Plenty about the Cowboys has changed. Arguably the most important thing hasn't. Tim Heitman-USA TODAY Sports

Football

What’s Old Is New Again: How the Offensive Line Keeps Powering the Cowboys

The veterans are healthy. The young players have stepped up. And now the big uglies are back to their best.

In the 1990s, the Dallas Cowboys’ offensive line took on an almost mythical character. Every time he called one of their games, John Madden would point out just how dominant they were. He marveled at how someone the size of Nate Newton could move so gracefully. That unit was so dominant that supposedly Larry Allen would at times make the sound of a train horn when he got in his stance. It was his way of telling the defensive line that Emmitt Smith—the NFL’s all-time leading rusher, who led the league in rushing in four out of five years during their decade of dominance—was about to run behind him, and there was nothing any of them could do to stop it.

Having a good offensive line is like a boxer that punches to the body. It won’t be an immediate knockout, and it’s far from flashy, but it slowly wears on opponents. It saps their energy. You can sometimes see a defense get demoralized after two or three quarters. If you look at any successful year the Cowboys have ever had, you’ll find that their offensive line has led the way.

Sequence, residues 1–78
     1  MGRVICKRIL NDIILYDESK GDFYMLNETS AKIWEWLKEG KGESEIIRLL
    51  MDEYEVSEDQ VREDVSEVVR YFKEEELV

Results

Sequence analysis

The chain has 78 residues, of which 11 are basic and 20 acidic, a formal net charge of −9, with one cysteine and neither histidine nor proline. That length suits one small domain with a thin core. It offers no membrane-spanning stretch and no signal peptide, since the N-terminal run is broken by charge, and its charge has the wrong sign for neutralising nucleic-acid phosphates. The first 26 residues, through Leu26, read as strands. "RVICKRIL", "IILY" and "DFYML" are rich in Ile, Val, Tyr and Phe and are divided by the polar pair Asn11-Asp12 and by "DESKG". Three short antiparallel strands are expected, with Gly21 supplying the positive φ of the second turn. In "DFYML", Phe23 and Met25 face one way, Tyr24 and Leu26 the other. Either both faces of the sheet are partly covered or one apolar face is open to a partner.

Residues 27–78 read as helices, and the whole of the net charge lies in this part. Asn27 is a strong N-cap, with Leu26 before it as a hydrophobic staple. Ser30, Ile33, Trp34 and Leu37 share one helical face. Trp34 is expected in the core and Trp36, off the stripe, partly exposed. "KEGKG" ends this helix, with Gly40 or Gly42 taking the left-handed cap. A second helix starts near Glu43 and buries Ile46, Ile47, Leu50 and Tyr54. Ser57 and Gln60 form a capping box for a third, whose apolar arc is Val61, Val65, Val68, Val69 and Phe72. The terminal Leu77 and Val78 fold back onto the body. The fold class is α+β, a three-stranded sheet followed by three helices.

And so it’s no surprise that the Cowboys have one of the best offensive lines in the league so far in 2021. Pro Football Focus has them down as allowing the second-fewest pressures on passing snaps and ranked them as the league’s best performing line through Week 6. Little surprise that Dallas’ offensive skill players rank among the game’s best. This group’s excellence is nothing new. The Cowboys have invested heavily in building it over the last 10 years, using three first-round draft picks on offensive linemen and committing major dollars to La’el Collins. Until a couple of years ago, that investment was paying off before injuries derailed the line’s continuity.

Which brings us to Zach Martin. There’s a good argument to be made that Martin—who was drafted over Jerry Jones’ insistence that the team select Johnny Manziel instead, believing the quarterback who has long been out of the league would ensure the Cowboys’ relevance for the next decade—is the best player on the team. He doesn’t score touchdowns, and his impact isn’t as obvious as Micah Parsons’, Randy Gregory’s, or Trevon Diggs’, but Martin might be the most dominant player at his position, making six All-Pro teams and the league’s all-decade team from the 2010s, despite being just 30 years old.